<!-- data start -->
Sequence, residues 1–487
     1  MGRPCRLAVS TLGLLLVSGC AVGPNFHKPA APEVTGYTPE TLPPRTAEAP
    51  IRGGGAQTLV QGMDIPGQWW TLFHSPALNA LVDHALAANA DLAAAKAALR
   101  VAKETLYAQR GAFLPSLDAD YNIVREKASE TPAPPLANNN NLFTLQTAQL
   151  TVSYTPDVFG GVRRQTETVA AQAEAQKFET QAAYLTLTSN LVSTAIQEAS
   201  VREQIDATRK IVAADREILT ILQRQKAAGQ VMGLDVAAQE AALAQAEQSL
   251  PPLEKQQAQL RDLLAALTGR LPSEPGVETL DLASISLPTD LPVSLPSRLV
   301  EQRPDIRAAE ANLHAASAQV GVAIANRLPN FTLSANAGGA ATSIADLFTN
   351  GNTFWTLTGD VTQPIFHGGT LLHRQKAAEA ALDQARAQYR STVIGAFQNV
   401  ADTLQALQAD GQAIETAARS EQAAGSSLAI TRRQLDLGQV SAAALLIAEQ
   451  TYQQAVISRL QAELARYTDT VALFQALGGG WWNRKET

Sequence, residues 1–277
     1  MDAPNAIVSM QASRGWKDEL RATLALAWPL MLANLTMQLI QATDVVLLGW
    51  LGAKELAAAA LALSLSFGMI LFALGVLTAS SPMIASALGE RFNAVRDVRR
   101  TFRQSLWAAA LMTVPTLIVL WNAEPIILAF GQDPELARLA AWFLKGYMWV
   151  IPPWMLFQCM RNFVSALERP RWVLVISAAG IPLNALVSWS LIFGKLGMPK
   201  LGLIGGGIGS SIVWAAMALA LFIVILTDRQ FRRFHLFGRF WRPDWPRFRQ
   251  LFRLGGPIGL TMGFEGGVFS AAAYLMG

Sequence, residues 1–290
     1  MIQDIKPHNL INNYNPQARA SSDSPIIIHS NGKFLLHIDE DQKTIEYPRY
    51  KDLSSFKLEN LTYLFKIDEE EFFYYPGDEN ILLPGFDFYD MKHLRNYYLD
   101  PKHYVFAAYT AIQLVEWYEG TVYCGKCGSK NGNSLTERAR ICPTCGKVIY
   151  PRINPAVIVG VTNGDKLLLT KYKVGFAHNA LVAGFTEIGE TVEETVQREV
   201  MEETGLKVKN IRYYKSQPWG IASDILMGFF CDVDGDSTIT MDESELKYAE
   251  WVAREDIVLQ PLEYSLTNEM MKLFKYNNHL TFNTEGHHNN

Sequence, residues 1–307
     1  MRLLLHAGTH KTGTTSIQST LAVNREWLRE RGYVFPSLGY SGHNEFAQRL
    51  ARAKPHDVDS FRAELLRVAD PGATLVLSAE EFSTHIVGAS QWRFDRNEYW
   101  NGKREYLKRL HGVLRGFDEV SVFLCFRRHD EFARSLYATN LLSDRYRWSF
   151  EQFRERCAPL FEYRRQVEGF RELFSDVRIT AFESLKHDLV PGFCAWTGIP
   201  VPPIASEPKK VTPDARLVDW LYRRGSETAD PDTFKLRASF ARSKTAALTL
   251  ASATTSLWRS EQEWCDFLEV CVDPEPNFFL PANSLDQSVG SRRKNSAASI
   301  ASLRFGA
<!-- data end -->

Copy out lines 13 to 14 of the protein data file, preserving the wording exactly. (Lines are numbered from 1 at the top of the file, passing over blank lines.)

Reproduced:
     1  MDAPNAIVSM QASRGWKDEL RATLALAWPL MLANLTMQLI QATDVVLLGW
    51  LGAKELAAAA LALSLSFGMI LFALGVLTAS SPMIASALGE RFNAVRDVRR